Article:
The company plans to link the DITA topics and the publishing process to their e-commerce site and automated online purchasing process.

Taking Automated Publishing to the Next Level

But automating the publishing process and integrating XML structured text with data from a relational database is only the first step in catalog publishing. In another organization, we identified the potential for customized catalogs produced on-demand for a sales representative.

Once again, the basic information about a product is authored in DITA topics and stored in a component content management system along with the drawings and photographs required for the catalog.

The analysis of the catalog in this project included not only descriptive information but tables and graphs of data. The original presentation of the information was as chaotic as the first project. Every product section in the print catalog was unique and every page was individually designed. In some cases, product benefits lists and critical engineering data were truncated in order to fit the page layout.

Once again, the first step was standardization. Working with the marketing communications management, we identified a standard set of content for each product and designed a consistent layout to be produced through the DITA Open Toolkit and an XSL-FO stylesheet.

But the key question was how to get the sales representatives to use the source information to produce custom catalogs. We knew that sales representatives wanted to create unique catalogs for individual customers, rather than carrying around the huge catalog of the entire product line. They also wanted nothing to do with DITA topics and XML.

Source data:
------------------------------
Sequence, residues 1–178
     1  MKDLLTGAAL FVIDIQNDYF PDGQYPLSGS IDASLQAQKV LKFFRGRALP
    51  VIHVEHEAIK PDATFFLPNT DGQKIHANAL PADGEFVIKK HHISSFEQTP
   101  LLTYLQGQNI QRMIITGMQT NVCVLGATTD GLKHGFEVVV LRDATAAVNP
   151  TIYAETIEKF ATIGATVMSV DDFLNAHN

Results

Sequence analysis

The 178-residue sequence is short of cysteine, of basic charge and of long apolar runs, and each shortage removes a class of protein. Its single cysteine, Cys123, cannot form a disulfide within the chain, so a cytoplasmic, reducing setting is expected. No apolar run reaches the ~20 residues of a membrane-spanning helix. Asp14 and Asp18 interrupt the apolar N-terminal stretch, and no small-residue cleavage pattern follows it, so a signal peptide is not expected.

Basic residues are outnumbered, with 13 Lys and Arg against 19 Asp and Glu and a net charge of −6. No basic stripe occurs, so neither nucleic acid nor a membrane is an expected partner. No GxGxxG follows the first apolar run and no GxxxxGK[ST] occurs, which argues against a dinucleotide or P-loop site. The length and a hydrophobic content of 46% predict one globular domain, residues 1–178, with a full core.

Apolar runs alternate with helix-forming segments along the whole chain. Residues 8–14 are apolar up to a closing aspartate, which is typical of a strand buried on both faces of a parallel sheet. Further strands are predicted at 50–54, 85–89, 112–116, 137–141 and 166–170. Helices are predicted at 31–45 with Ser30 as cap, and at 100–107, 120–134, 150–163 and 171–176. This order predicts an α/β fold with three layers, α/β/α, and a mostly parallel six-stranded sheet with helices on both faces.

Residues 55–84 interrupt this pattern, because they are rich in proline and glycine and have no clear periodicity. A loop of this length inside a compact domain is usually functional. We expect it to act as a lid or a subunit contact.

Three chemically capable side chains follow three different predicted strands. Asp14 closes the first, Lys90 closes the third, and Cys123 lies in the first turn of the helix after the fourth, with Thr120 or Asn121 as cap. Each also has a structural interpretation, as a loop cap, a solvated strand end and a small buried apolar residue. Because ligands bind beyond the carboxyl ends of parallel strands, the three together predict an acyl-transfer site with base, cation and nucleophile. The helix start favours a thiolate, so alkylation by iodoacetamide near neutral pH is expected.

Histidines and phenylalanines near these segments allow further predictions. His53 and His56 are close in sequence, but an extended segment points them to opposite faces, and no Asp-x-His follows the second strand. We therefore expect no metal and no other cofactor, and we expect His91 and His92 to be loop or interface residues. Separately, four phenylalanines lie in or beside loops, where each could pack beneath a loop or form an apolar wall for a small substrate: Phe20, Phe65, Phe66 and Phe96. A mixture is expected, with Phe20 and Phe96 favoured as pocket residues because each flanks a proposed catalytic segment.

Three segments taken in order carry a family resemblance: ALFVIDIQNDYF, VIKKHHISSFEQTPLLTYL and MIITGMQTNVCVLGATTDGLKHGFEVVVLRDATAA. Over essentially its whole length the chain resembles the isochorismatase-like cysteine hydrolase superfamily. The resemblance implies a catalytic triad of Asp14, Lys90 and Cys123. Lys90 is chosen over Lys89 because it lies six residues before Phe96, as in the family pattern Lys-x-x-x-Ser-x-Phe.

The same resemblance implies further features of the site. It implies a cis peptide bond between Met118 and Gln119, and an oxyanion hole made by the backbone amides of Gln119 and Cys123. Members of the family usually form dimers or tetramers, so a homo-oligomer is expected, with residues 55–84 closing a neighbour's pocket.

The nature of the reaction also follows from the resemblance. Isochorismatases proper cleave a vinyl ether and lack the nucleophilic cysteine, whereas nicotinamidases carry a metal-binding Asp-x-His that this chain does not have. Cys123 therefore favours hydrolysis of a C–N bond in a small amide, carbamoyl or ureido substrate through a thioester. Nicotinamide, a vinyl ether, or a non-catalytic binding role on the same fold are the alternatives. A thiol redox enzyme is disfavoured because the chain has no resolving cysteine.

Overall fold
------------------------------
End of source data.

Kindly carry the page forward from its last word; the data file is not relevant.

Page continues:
In response, we created a SharePoint interface that allows a sales person to select from a variety of options, including product name, industry type, and other key characteristics of the information. By simply clicking check boxes, each sales person creates a unique catalog that is fully formatted and immediately available for download and printing.

In a similar project some years earlier, we enabled the sales representative to use a simple, clickable interface on a website to select specific functionality for a product set and choose a cover page with the customer’s business name. Because the sales force was widely distributed, we even gave them the ability to select a printing facility nearby. All that was required of them was to drive to the printer and pick up the final catalogs for their next sales call.

Looking for Opportunities

In most organizations, development of product catalogs and price books are cost-intensive, time-consuming, and tedious. They represent the ultimate static publishing. But the arguments for dynamic publishing of catalog content are easily persuasive to those watching out for the bottom line:

  • Significantly reduce the time-to-market for catalog content from months to days
  • Significantly reduce the cost of developing final catalog layout to the initial development of XSL-FO stylesheets
  • Enable the development of custom catalogs from the same source content
  • Enable on-demand printing of custom catalogs
  • Ensure that pricing data is accurate and up-to-date, coming directly from purchasing databases
  • Enable on-demand development of custom catalogs by individual sales representatives
  • Link catalog content to e-commerce websites

No doubt there are many other opportunities for dynamic publishing in your organization. Your starting point is to develop a single source of all materials (text, images, and pricing data), free of formatting (XML/DITA), and presented to staff and customers through an intuitive and easily available user interface.

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Dr. JoAnn Hackos is the CIDM Director.